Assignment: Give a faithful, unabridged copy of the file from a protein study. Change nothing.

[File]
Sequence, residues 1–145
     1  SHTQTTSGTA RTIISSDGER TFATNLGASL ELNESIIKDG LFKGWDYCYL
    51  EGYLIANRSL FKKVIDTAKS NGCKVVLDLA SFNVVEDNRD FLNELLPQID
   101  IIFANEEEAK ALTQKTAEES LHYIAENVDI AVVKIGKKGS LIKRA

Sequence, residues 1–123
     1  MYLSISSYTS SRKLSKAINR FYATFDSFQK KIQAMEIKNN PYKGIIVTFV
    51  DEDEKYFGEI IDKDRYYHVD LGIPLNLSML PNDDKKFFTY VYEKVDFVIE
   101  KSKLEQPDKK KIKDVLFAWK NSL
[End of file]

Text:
Sequence, residues 1–145
     1  SHTQTTSGTA RTIISSDGER TFATNLGASL ELNESIIKDG LFKGWDYCYL
    51  EGYLIANRSL FKKVIDTAKS NGCKVVLDLA SFNVVEDNRD FLNELLPQID
   101  IIFANEEEAK ALTQKTAEES LHYIAENVDI AVVKIGKKGS LIKRA

Sequence, residues 1–123
     1  MYLSISSYTS SRKLSKAINR FYATFDSFQK KIQAMEIKNN PYKGIIVTFV
    51  DEDEKYFGEI IDKDRYYHVD LGIPLNLSML PNDDKKFFTY VYEKVDFVIE
   101  KSKLEQPDKK KIKDVLFAWK NSL